There are few things more enjoyable in baseball right now than watching the San Francisco Giants. Despite having the third best record in the National League, being eleven games over .500 and leading the National League West by two and a half games over the Arizona Diamonbacks, the San Francisco Giants have only scored four more runs than they’ve allowed.

If you look at their Pythagorean Record they should only be a mere game above .500, and yet they remain an incredibly exciting an successful team largely due to their record in close games. The Giants are 22-12 in one run games.

I’m not just waxing poetic about a team whose bandwagon I jumped on last season. They’re even fun to watch during losses. Take last night as an example.

Trailing the Chicago Cubs by a run in the top of the ninth, after a fantastic pitching duel between Ryan Dempster and Tim Lincecum, the Giants somehow found themselves back in the game after putting together a rally and benefiting from back to back to back defensive miscues from Cubs center fielder Tony Campana. After tying the game, the bases were loaded with one out for Cody Ross. Unfortunately, last year’s “clutch” star grounded into a double play and ended the rally with the precision of an assassin.

In the bottom half of the inning, Campana redeemed himself and got on base with a weak infield single, got bunted over to second, advanced to third on a groundout and then scored on an Aramis Ramirez fliner to left field that dropped for a hit.

The thing about last night’s game that’s so representative of the Giants this season and last is that they found themselves in it even though they really had no business being there. With such an anemic offense it’s a wonder that they win any games at all, and yet they do, close and exciting ones (most of the time), usually thanks to a great pitching, both from their starters and relievers.

However, the idea that this team plays better than they should extends beyond just one run games. Looking at the contracts they’ve doled out and the players that they invest in, it’s almost as though this team wins in spite of itself.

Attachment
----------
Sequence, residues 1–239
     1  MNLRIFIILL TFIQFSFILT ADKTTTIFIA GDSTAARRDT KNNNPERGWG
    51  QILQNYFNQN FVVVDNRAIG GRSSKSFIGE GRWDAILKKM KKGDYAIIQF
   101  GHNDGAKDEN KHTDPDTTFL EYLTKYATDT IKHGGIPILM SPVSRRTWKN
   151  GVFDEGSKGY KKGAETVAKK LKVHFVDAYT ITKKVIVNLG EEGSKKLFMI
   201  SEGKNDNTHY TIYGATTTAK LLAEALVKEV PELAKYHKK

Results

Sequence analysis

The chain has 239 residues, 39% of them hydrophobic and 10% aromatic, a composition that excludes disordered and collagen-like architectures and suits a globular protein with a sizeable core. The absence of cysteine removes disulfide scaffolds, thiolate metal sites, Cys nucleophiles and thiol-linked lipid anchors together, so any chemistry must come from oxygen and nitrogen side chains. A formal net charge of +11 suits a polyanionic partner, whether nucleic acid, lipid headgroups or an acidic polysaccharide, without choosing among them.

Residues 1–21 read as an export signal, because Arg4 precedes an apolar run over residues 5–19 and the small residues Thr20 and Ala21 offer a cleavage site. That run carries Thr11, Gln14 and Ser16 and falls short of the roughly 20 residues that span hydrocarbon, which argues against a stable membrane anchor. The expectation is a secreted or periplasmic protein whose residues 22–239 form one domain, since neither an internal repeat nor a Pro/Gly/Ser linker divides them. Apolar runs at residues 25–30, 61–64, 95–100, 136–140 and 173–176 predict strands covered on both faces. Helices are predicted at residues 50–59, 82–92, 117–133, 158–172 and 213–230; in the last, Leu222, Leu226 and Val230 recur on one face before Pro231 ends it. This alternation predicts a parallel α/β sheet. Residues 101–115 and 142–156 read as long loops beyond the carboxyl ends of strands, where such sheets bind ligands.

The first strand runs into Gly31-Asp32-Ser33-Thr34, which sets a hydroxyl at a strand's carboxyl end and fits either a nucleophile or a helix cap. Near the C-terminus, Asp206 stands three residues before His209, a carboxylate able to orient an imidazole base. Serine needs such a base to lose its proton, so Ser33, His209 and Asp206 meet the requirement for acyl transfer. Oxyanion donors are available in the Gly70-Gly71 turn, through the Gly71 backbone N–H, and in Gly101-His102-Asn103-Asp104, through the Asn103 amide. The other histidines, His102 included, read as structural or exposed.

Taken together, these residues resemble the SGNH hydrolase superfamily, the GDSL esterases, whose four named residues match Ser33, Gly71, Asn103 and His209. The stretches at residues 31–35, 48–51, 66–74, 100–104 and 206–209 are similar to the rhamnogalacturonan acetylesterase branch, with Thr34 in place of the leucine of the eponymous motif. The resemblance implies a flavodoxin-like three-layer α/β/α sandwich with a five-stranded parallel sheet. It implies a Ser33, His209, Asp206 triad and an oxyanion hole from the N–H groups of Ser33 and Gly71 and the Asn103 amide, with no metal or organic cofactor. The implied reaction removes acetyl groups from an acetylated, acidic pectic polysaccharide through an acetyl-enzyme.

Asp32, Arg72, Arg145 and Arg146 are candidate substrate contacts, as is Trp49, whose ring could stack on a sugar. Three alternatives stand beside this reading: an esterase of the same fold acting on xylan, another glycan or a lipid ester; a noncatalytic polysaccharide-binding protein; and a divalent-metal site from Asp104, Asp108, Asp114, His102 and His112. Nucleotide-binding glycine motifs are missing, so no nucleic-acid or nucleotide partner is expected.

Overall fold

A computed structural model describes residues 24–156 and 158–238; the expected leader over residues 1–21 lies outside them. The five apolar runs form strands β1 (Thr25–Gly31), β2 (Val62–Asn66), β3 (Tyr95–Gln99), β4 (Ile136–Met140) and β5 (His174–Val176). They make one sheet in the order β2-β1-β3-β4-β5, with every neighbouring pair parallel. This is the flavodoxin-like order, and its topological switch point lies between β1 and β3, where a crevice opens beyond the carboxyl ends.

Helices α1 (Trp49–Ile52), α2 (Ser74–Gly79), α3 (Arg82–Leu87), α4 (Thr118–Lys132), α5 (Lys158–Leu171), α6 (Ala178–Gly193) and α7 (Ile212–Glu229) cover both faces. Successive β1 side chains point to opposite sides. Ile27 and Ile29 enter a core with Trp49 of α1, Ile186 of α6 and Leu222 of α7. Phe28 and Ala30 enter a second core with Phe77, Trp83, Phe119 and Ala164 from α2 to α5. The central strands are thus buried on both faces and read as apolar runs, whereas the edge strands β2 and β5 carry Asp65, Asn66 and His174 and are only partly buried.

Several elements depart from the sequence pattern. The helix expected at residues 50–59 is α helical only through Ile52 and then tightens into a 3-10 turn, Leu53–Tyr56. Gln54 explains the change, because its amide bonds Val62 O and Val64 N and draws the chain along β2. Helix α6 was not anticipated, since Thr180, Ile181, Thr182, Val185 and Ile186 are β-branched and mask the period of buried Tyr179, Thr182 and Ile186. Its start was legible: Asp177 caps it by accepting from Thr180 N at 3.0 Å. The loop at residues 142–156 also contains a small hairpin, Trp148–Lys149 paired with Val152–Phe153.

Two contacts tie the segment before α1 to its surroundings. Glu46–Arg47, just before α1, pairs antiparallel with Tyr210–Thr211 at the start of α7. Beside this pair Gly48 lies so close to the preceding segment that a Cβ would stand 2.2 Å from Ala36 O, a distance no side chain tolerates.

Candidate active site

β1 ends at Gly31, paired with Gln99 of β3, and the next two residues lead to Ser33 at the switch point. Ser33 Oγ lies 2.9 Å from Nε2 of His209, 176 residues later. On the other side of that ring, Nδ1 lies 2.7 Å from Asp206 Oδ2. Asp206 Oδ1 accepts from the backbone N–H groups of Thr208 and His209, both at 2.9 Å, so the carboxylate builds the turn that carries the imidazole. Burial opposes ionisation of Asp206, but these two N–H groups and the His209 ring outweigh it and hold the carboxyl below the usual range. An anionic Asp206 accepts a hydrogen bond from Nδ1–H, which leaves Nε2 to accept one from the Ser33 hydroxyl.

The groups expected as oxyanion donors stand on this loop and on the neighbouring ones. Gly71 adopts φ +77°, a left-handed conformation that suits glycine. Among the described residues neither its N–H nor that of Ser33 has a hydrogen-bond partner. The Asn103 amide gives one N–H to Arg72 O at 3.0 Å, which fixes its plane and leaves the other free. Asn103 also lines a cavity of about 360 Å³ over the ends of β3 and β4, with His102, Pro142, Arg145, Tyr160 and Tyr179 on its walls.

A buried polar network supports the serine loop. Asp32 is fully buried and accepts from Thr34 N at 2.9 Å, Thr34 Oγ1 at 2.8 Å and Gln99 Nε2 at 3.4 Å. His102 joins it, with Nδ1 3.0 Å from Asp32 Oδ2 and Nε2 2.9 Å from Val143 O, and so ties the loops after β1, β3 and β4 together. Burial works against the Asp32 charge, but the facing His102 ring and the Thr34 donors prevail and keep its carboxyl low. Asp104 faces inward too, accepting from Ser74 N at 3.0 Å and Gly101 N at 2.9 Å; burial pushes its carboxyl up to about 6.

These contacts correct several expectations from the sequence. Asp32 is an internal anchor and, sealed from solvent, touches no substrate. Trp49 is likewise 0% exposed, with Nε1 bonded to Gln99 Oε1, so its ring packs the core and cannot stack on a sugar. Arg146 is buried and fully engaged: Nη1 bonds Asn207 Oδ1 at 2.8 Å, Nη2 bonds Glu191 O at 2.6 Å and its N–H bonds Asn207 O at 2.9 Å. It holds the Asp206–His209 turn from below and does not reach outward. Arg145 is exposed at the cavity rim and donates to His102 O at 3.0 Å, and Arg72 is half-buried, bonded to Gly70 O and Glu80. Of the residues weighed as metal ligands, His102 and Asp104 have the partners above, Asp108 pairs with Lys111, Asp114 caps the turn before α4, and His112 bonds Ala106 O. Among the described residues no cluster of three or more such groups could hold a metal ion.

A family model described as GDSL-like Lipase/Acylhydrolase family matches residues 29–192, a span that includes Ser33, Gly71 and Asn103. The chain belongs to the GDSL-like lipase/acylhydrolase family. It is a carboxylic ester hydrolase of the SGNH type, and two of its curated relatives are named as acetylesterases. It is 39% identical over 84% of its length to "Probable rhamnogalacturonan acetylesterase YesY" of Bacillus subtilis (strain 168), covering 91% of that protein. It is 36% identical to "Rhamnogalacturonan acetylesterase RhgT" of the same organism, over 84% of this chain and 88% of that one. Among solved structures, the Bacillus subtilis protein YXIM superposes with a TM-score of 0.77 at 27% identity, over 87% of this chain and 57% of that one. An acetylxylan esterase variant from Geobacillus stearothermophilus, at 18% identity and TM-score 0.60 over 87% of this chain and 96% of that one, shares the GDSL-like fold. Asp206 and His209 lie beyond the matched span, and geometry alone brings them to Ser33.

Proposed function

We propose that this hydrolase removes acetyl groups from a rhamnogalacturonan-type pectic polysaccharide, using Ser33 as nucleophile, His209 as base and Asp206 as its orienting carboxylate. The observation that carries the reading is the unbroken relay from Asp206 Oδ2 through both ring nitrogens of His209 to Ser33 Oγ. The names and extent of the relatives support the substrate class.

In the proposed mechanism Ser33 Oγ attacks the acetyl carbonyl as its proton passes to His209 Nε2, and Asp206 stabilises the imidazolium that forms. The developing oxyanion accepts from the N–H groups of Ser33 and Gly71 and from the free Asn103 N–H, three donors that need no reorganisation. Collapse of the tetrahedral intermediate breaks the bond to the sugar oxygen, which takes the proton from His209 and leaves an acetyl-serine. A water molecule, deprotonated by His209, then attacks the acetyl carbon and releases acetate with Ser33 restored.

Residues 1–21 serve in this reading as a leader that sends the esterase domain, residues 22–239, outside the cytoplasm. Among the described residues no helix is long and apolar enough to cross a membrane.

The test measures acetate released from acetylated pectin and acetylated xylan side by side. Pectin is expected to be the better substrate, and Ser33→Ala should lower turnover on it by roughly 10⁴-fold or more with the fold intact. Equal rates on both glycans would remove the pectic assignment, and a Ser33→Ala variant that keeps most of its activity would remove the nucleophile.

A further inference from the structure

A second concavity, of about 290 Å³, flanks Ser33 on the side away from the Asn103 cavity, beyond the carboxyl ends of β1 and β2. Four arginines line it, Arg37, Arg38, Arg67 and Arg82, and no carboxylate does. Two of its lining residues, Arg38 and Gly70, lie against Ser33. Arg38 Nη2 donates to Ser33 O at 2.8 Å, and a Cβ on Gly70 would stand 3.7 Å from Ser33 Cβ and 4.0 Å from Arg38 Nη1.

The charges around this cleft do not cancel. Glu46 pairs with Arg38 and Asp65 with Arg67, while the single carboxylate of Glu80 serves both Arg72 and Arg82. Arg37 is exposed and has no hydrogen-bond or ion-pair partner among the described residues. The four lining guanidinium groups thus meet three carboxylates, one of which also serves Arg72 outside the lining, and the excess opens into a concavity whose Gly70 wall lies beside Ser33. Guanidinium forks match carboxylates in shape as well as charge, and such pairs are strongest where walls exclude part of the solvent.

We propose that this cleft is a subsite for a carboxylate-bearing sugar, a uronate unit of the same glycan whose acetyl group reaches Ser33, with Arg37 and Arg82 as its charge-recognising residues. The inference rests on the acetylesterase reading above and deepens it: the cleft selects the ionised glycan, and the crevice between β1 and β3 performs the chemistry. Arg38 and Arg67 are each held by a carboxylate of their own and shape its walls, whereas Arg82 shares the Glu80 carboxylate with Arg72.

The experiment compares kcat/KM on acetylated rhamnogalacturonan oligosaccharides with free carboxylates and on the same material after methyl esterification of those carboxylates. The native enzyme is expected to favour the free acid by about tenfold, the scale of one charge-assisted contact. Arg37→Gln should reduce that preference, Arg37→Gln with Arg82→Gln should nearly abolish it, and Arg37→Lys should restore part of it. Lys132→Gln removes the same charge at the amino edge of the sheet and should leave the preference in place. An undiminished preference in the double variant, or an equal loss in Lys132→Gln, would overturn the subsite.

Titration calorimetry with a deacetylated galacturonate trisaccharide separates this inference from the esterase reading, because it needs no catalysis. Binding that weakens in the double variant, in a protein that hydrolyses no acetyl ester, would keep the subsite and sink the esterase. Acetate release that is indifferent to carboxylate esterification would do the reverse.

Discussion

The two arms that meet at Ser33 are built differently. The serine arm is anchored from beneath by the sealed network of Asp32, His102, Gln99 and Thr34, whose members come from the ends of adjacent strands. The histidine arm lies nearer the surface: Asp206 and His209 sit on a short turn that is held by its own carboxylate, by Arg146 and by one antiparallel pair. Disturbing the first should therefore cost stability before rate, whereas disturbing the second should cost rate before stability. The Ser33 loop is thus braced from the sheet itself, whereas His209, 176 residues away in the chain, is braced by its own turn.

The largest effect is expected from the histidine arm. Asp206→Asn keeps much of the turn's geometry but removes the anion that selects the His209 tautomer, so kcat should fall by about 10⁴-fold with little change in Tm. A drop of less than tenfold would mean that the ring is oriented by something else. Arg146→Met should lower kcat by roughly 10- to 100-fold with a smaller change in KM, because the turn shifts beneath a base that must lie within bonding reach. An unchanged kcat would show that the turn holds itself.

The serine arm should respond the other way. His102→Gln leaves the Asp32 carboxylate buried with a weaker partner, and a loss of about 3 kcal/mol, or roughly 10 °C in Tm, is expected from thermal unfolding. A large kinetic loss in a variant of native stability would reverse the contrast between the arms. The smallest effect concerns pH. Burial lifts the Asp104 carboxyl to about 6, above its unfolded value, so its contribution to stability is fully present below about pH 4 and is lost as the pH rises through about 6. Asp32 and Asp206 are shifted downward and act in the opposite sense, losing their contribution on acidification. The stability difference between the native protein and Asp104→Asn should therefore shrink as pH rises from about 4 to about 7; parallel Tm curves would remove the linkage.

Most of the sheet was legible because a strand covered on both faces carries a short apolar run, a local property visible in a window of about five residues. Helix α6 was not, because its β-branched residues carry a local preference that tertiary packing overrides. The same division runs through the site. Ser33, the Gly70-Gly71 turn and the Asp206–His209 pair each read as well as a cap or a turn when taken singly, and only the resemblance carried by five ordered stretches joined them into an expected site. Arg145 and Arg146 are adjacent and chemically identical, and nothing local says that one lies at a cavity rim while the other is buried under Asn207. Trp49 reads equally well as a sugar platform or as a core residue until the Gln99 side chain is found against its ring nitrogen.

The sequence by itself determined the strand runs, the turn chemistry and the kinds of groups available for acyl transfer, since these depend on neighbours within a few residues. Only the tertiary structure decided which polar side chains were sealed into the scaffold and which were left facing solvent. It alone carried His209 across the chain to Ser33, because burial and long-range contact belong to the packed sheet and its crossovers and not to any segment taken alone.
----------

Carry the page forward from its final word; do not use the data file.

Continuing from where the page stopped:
The highest paid player on the Giants right now is Barry Zito, whom Giants GM Brian Sabean signed for seven years ahead of the 2007 season at a total cost of $126 million. Since 2007, Zito has contributed a total WAR of only 7.4. In 2008, the Giants overspent on free agent outfielder Aaron Rowand, signing him to a five year $60 million contract. Since that time, he’s contributed 5.3 wins above replacement. Despite the high salaries, neither player was even named to the team’s postseason roster last year.

Even when the Giants make a smart move, they somehow find a way to mess it up. Take Aubrey Huff as an example. Last year, San Francisco took advantage of an off year for Huff in 2009 and signed the slugger to a dirt cheap one year deal worth $3 million. He responded by putting together a 5.8 WAR season and was a major contributor during their playoff run. In the offseason, the Giants inked Huff to a two year contract worth $22 million. This season, he has the sixth lowest wins above replacement in the league, getting on base less than 30% of the time.

And it doesn’t end there. In addition to still being on the hook for $6 million to Mark DeRosa, the Giants signed Miguel Tejada to a one year deal worth $6.5 million. And instead of getting out of the Freddy Sanchez business, Sabean extended the $6 million he’s owed for this year to another $6 million next year.

On top of all this, there was talk yesterday that the Giants might be interested in picking up Juan Uribe from the Dodgers after he left San Francisco this offseason to sign a ridiculous three year contract for $21 million. This season, Uribe has a .578 OPS. Most Major League Baseball players can do put up those kind of numbers accidentally. The only thing interested in picking up Juan Uribe should be a garbage truck.

And yet, these are the San Francisco Giants, winning games, divisions and possibly another championship that they simply shouldn’t. It may not be predictable, but it sure is fun.

Update: Sabean is denying interest in Uribe.

And The Rest

The New York Yankees are bringing back Sergio Mitre.

The Arizona Diamondbacks released Melvin Mora. Everytime Melvin Mora comes up in conversation, I’m reminded of this.

Derek Jeter may go on an affiliate tour before returning to the Yankees next week.

Jonah Keri sees the Ryan Howard contract as a deal that had to be done for marketing purposes. You know what’s pretty easy to market? A really good baseball team.

How can you not like the new mascot for the Amarillo Sox? He likes you, like really likes you.

David Purcey’s struggles continue. Even utility outfielders are pitching better than him.

Ryan Franklin was released by the St. Louis Cardinals, as was Doug Davis by the Chicago Cubs.

In Stuff We Knew Would Only Be A Matter Of Time: Erik Bedard is on the Disabled List.

MLB won’t allow you to create a Chapter 11 Los Angeles Dodgers jersey. Weak sauce.

Even The Far Side Cartoons love the Gamecocks.

Eric Byrnes takes out Harold Reynolds: